Background. Most psychological theories of empathic states are focused on reactions to negative rather than positive events. Empathy for positive events remains less well understood and is thought to be regulated differently Morelli et al. (2015). Thus we focus on empathetic reactions to need or suffering. Despite the fact that everyone has an immediate, implicit understanding of empathy, research has been vastly inconsistent in its definition and operationalization Cuff et al. (2016). There is agreement, however, that there are multiple forms of empathy (see below). The by far most widely cited state empathy scale is Batson’s Empathic Concern – Personal Distress Scale Batson et al. (1987), henceforth empathy and distress.
Distress is a self-focused, negative affective state that occurs when one feels upset due to witnessing an entity’s suffering or need, potentially via “catching” the suffering target’s negative emotions. Empathy is a warm, tender, and compassionate feeling for a suffering target. It is other-focused, retains self-other separation, and is marked by relatively more positive affect Batson and Shaw (1991); Goetz et al. (2010); Mikulincer and Shaver (2010); Sober and Wilson (1997).
Selection of News Stories. Two research interns (psychology undergraduates) collected a total of 418 articles from popular online news platforms, selected to likely evoke empathic reactions, after being briefed on the goal and background of this study. These articles were then used to elicit empathic responses in participants.
Acquiring Text and Ratings. The corpus acquisition was set up as a crowdsourcing task on MTurk.com pointing to a Qualtrics.com questionnaire. The participants completed background measures on demographics and personality, and then proceeded to the main part of the survey where they read a random selection of five of the news articles. After reading each of the articles, participants were asked to rate their level of empathy and distress before describing their thoughts and feelings about it in writing.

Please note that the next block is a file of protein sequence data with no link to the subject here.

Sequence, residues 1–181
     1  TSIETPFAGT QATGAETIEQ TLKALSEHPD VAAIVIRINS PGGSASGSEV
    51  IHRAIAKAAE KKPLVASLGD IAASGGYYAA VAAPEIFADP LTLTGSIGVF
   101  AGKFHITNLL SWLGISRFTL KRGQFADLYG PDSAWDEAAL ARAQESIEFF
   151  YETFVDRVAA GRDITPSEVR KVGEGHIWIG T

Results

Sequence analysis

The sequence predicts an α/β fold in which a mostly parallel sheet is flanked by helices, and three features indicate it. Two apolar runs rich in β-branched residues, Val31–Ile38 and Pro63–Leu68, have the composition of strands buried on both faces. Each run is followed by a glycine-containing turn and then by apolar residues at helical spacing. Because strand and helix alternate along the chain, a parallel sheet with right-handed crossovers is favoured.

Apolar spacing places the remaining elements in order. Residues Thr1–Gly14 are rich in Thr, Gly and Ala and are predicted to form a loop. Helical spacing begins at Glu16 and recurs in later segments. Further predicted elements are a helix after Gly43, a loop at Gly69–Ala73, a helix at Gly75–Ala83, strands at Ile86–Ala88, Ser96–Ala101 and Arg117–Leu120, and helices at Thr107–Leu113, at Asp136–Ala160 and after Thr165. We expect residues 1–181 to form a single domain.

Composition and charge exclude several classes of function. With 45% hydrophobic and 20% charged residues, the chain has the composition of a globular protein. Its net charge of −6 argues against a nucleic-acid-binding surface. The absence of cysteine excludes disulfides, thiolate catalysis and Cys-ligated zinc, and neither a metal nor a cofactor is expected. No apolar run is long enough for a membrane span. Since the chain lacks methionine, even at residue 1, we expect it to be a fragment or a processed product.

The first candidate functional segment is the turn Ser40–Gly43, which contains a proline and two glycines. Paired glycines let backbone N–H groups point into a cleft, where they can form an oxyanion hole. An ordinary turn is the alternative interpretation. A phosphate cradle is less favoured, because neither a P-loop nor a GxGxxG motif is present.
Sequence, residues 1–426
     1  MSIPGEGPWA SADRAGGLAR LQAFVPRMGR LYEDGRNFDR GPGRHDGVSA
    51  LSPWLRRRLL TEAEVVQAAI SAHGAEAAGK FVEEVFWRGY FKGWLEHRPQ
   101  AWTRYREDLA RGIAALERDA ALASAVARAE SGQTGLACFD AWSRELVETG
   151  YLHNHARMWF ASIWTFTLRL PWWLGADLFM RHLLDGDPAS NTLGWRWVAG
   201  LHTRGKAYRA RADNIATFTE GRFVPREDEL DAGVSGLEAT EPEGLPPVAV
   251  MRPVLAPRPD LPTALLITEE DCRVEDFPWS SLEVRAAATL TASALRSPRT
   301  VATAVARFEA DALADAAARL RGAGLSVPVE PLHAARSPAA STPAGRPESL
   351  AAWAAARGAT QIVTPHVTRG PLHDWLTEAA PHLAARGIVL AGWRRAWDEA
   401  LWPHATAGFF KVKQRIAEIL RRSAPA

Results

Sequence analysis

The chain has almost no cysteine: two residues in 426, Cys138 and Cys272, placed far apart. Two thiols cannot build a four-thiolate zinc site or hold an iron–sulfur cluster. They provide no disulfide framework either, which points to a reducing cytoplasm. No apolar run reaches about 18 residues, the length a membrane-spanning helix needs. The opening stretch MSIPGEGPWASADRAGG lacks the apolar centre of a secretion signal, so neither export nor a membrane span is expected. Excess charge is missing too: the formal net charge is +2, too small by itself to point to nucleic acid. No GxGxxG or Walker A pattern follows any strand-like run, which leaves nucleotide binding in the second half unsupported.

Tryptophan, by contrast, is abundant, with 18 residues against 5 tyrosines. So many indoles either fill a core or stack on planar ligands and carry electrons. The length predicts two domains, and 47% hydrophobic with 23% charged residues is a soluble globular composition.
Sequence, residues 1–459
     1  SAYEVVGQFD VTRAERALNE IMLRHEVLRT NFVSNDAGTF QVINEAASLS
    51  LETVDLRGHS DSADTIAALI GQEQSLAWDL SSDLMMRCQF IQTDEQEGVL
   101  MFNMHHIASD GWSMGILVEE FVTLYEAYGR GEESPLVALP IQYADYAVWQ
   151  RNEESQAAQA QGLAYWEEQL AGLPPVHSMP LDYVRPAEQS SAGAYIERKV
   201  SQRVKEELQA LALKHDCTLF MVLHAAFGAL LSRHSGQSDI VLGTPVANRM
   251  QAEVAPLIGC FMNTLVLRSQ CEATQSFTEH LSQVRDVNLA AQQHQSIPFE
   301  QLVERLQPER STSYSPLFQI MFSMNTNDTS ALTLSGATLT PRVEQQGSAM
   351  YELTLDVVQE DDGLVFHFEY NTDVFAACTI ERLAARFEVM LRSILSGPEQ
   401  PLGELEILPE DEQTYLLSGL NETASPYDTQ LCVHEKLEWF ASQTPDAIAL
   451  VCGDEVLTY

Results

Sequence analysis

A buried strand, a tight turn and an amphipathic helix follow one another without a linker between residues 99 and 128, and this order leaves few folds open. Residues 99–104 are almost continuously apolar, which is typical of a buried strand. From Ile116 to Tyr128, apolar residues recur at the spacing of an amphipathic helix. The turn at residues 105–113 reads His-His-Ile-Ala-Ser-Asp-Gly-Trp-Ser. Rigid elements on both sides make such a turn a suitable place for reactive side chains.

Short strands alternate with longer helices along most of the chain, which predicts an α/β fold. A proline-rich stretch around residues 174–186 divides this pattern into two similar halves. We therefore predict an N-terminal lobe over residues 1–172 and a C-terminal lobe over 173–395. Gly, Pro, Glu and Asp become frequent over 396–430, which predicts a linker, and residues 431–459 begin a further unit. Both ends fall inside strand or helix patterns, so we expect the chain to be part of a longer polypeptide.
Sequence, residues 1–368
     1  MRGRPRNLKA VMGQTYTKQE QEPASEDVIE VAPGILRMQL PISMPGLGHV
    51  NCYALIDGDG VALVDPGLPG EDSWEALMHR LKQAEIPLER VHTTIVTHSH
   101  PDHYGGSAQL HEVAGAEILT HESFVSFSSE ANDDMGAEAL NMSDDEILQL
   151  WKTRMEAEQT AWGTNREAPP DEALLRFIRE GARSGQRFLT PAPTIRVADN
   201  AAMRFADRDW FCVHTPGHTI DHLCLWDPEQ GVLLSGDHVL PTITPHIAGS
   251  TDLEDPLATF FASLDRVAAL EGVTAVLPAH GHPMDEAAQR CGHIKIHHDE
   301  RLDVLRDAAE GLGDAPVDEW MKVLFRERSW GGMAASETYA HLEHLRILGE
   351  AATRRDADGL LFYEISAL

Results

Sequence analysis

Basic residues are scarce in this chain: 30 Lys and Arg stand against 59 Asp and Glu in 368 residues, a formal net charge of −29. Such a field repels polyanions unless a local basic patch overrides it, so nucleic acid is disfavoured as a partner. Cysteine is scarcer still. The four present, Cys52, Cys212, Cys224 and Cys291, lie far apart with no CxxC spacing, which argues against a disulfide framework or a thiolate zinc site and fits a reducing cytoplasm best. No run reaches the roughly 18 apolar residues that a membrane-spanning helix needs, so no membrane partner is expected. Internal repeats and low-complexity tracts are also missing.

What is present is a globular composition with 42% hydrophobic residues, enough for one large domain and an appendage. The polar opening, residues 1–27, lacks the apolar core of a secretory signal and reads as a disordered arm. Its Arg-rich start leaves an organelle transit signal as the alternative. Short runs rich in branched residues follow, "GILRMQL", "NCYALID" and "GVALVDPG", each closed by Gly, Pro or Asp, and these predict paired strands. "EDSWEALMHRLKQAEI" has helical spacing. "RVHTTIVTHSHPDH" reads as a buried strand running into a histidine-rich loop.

In contrast to previous work, this set-up allowed us to acquire empathy scores of the actual writer
of a text, instead of having to rely on an external evaluation by third parties (often student assistants with background in computer science). Arguably, our proposed annotation methodology yields more appropriate gold data, yet also leads to more variance in the relationship between linguistic features and empathic state ratings. That is because each rating reflects a single individual’s feelings rather than a more stable average assessment by multiple raters. To account for this, we usemulti-item scales as is common practice in psychology. I.e., participants give ratings for multiple items measuring the same construct (e.g., empathy) which are then averaged to obtain more reliable results. As far as we know, this is the first time that multi-item scales are used in sentiment analysis.333 Here, we use sentiment as an umbrella term subsuming semantic orientation, emotion, as well as highly related concepts such as empathy.
In our case, participants used Batson’s Empathic Concern – Personal Distress Scale (see above), i.e, rating 6 items for empathy (e.g., warm, tender, moved) and 8 items for distress (e.g., troubled, disturbed, alarmed) using a 7-point scale for each of those (see Appendix for details). After rating their empathy, participants were asked to share their feelings about the article as they would with a friend in a private message or with a group of friends as a social media post in 300 to 800 characters. Our final gold standard consists of these messages combined with the numeric ratings for empathy and distress.
In sum, 403 participants completed the survey. Median completion time was 32 minutes and each participant received 4 USD as compensation.
Post-Processing. Each message was manually reviewed by the authors. Responses which deviated from the task description (e.g., mere copying from the articles at display) were removed (31 responses, 155 messages), leading to a total 1860 messages in our final corpus. Gold ratings for empathy and distress were derived by averaging the respective items of the two multi-item scales.
3 Corpus Analysis